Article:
RBI finally supports rupee

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Hyderabad: In a surprise move to arrest the plunge of the rupee, the Reserve Bank of India on Monday announced strong measures to reduce liquidity in the banking system to prevent speculation in the currency market.
These moves, analysts said, could lead to a subsequent increase over the long term in lending rates for home, auto and consumer loans due to tighter liquidity. The measures include setting a daily borrowing limit for banks, and a two per cent increase in the Marginal Standing Facility rate that is charged for the money that banks borrow from the RBI for emergencies.
The RBI also hiked its bank rate, which is at the same level as the MSF, from 8.25 per cent to 10.25 per cent with immediate effect. The RBI will conduct sale of Government of India securities to suck up another Rs 12,000 crore on July 18 from the market, in a move to make rupee dearer.
The rupee declined 33 paise on Monday, the most in a week, to 59.89 against the dollar on fresh demand from banks and importers. The rupee had recently plunged to 61 to the dollar.The rupee losing value had affected many sectors, including those directly affecting consumers in the form of higher cost of fuel, more expensive foreign education, apart from the rising cost of holidays abroad.
The announcement came after a meeting between Prime Minister Manmohan Singh and finance minister P. Chidambaram, followed by RBI governor D. Subbarao’s discussions with the finance minister and his officials in New Delhi.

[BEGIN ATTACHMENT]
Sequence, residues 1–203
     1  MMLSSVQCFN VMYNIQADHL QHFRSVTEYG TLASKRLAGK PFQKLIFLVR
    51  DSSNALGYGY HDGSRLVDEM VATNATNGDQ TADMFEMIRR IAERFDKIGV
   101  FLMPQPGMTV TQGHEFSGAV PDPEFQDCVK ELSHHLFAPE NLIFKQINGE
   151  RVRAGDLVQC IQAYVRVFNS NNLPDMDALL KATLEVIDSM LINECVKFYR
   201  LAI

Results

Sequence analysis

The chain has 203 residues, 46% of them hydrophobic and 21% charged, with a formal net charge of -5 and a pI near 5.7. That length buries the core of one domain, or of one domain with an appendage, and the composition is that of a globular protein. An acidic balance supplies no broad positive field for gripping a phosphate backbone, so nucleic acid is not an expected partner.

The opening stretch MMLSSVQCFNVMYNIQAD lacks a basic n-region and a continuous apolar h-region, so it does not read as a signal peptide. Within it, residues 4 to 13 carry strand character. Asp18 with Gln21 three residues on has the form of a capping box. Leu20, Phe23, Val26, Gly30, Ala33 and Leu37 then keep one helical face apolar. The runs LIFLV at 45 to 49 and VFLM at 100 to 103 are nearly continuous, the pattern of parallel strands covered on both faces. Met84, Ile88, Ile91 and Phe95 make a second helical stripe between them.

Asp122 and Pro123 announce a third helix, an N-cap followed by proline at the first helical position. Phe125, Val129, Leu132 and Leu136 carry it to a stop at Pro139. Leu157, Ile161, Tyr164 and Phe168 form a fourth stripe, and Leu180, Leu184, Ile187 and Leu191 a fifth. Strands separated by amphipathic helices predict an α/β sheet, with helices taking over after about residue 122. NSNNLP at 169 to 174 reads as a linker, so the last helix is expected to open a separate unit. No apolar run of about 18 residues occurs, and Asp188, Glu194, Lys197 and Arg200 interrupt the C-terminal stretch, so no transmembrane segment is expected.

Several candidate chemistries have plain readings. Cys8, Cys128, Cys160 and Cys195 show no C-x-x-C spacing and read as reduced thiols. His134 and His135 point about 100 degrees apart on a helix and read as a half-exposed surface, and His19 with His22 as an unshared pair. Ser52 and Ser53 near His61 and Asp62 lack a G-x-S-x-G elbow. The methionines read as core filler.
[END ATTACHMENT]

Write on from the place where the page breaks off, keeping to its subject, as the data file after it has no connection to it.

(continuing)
Explaining the reasons behind the move, RBI in a late night statement said, “The exchange rate pressure evidences that the demand for foreign currency (US dollar) has increased visa-vis that of the rupee in part due to the improving domestic liquidity situation.”
RBI risks slump, says analyst
Liquidity tightening measures of RBI will strengthen the rupee in the short-term at the expense of the economic growth, warn analysts.
“The RBI measures will tighten the liquidity in the market and re-establish interest rate differential between the US bond yields and Indian bond yields. Though this will streng-then the rupee in the short-term, it could lead to an increase in lending rates, which will result a further slow down in growth rate and a risk of a classic stagflation,” Jagannadham Thunuguntla, head of equities at SMC Global Securities, told this newspaper.
A senior